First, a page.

The White House has rehired a climate scientist who was forced out by the Trump administration, and is proposing to dramatically increase the budget of the Centers for Disease Control and Prevention. “Science is back” has become a Biden slogan. But listening to scientists is only the first step—and only a partial step, given the deep distrust many Americans have for experts. We must improve how ordinary citizens help shape science policy.

This is one of the findings of a recent report from the Hastings Center that examines the role of citizens in shaping policy in health and science. That role should not be limited to electing candidates and then, a few years later, expressing approval or disapproval of their job performance. Too many issues are in play at once for the voting–governing connection to be meaningful for many of them, and most people do not choose candidates on the basis of a clear understanding of policies, anyway

It is unlikely, for example, that elections will provide guidance about the governance of new technologies such as gene editing, assisted reproduction or artificial intelligence. That doesn’t mean that citizens’ views can’t help shape those policies through mechanisms such as public comment periods on proposed federal rules and public referenda at the state level. But those who influence rulemaking rarely represent the larger public, and neither comment periods nor referenda are deliberative processes in which people become informed about an issue and discuss it with people who might have different views.

What we need are opportunities for Americans to talk and listen to each other face to face, as equals, ideally in person but virtually if need be, about the values and the facts that should guide policy. Americans are not as divided as elected officials, and where they disagree, deliberation can reduce the distance between them. We also can learn to talk and listen with greater mutual respect. The nation was built on this principle of equality, and Americans of all political perspectives must live it.

There have been many small-scale efforts along these lines, mostly undertaken by academics or small nonprofits in what’s known as the civic renewal movement. Typically, these bring people from a community together to discuss local issues, which can help shift the focus from national politics and disagreements about issues that may be abstract and distant toward immediate, concrete problems and shared interests. For example, instead of discussing climate change in general, which is hard to disconnect from the national political divide, participants can focus on the effect of river flooding on farmers. This kind of local entry point can even lead to a deeper understanding of the broader national issue.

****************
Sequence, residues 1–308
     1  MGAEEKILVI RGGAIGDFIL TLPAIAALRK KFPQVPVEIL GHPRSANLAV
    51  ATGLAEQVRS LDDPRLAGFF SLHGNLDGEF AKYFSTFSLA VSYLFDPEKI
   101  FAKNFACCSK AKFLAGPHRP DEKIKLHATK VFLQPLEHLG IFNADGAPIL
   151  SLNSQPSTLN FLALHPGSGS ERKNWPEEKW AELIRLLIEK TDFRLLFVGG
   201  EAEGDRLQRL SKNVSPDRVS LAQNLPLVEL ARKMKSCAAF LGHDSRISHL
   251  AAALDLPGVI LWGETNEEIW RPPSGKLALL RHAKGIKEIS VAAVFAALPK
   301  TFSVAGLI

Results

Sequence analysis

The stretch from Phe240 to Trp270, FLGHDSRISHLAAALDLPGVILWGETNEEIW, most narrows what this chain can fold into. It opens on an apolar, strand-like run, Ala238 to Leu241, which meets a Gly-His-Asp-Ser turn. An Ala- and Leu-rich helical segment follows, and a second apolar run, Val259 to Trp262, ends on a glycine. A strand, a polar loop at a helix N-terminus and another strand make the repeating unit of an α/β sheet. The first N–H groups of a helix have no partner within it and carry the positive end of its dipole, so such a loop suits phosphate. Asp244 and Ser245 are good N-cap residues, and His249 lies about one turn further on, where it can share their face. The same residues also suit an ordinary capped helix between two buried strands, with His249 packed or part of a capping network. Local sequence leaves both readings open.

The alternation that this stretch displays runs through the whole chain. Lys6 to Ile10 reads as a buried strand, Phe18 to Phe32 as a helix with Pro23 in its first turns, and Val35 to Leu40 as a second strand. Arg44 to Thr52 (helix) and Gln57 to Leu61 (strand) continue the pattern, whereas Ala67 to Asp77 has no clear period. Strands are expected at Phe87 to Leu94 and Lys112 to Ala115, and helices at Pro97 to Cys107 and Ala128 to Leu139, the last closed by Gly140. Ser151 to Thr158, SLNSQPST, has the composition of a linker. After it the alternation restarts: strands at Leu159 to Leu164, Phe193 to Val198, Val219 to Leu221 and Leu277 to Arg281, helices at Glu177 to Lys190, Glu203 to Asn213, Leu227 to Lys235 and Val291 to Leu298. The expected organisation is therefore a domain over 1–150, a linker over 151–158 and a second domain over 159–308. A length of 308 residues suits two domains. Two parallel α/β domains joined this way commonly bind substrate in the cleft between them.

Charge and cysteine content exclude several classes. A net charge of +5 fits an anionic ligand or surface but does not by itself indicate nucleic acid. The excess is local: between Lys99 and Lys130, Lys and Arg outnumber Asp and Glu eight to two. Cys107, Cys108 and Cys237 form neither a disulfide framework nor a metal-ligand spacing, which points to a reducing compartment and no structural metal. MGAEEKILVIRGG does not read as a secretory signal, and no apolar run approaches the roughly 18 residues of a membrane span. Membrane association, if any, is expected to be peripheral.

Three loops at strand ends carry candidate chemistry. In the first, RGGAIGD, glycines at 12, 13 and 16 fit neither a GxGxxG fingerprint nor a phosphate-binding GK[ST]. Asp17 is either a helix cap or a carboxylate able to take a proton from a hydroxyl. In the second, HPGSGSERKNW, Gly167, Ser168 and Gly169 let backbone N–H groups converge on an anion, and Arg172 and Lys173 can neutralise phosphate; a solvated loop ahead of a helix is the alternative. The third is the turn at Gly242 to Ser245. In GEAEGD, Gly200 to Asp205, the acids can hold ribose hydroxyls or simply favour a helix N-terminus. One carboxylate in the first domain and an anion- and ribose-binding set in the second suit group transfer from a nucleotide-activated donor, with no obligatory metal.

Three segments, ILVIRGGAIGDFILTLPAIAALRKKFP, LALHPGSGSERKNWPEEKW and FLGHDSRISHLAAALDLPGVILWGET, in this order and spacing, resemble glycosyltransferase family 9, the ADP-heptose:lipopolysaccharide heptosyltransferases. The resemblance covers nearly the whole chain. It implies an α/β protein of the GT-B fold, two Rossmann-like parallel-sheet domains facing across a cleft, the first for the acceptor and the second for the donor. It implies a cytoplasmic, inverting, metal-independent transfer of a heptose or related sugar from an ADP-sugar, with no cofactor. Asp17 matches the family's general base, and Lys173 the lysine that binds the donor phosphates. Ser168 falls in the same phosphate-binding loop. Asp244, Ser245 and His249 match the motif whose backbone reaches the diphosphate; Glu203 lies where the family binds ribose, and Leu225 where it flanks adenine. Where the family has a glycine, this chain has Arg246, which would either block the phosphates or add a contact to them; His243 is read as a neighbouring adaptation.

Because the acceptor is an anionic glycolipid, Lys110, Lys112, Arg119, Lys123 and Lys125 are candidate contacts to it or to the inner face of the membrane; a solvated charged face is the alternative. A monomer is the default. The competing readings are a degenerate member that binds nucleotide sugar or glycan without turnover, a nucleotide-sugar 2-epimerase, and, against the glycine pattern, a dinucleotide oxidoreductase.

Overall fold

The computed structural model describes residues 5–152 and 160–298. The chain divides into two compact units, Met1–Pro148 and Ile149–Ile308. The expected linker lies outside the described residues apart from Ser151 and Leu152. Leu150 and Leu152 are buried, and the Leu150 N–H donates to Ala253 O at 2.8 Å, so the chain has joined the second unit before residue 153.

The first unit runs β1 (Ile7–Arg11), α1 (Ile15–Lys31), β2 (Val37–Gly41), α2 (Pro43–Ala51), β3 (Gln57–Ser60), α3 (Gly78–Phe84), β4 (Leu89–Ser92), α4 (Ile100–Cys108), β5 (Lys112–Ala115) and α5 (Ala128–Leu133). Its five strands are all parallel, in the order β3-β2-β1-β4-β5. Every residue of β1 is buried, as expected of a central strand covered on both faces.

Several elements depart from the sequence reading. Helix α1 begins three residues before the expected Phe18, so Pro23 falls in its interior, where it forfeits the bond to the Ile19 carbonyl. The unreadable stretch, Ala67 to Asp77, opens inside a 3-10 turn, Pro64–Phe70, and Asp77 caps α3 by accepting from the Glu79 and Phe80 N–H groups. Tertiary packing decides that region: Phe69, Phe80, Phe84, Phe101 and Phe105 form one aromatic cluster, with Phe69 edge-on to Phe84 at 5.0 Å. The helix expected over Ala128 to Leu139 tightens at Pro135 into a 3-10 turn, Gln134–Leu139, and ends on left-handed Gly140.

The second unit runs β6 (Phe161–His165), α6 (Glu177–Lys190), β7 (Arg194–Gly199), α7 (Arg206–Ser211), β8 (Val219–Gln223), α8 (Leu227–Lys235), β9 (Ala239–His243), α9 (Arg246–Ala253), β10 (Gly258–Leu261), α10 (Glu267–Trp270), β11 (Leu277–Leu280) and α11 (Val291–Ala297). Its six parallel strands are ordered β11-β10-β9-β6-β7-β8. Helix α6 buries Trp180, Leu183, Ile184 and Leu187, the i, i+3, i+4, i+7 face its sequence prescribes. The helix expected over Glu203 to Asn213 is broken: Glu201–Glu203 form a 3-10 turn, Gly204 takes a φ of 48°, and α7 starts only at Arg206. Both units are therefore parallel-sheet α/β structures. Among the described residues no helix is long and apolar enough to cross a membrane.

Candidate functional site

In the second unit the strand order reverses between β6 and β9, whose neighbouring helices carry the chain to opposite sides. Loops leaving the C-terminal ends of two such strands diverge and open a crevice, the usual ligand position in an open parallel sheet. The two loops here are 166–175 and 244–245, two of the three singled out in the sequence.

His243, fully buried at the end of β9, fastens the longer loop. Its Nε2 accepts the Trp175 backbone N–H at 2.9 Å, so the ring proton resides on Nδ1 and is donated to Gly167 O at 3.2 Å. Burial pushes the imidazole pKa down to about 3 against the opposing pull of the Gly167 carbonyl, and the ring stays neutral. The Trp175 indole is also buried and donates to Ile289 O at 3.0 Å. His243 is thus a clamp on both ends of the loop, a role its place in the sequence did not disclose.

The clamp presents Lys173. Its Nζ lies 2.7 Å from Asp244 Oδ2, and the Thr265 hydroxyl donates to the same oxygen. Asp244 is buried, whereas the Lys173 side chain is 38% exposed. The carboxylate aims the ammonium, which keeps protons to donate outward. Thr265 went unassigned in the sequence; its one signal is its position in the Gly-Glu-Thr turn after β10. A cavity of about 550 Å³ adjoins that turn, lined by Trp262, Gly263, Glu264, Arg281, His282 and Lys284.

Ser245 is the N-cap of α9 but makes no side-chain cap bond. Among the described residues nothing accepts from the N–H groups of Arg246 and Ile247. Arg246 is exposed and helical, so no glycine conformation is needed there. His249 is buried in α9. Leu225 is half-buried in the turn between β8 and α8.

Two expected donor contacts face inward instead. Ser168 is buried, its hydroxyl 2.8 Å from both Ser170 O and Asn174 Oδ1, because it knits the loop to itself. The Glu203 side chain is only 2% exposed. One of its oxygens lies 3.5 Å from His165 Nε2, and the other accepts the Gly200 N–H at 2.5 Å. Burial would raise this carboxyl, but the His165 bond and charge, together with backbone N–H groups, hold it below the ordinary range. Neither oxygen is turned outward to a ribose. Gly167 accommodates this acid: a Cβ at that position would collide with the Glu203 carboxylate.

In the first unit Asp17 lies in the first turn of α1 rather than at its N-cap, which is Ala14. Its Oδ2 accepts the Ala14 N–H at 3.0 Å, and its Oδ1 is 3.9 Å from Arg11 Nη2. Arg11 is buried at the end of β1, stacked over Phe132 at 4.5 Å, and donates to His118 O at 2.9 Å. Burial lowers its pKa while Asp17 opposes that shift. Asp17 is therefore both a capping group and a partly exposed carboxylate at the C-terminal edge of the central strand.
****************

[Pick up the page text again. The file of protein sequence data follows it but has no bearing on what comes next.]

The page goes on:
But deliberation is possible, and could be productive, at a national level as well. One example is America in One Room, in which 523 Americans spent a weekend together discussing a range of policy issues in order to become less polarized and more confident about U.S. democracy. Such an event is a logistical challenge, but similar events can be held online, which also reduces costs and allows more people to participate.

Public deliberation could also be tailored to the many issues that tend to elude the voting/governing feedback loop. Gene editing is a prime example. Reports from the National Academies of Sciences, Engineering, and Medicine and other bodies around the world have argued that policy on genetic editing technologies should be guided by public deliberation.

Public deliberation could also shape the distribution of scarce resources in a disaster like the COVID-19 pandemic, or the use of public health measures such as vaccine certificates. And the groundswell of support among the public for more attention to climate change suggests that public deliberation could help galvanize the political will to overcome the policy-making logjam in the federal government.

In the end, good science depends on democracy, and democracy depends on a deeper, richer engagement between citizens and governance structures. In a healthy democracy, institutions both private and governmental help create citizens who learn, talk and listen better—who are better able to be engaged and effective—and in turn, active, engaged citizens strengthen the institutions of a good democracy. We don’t just need good government: we need a good society that builds good citizens, who in turn build a better society.

This is an opinion and analysis article; the views expressed by the author or authors are not necessarily those of Scientific American.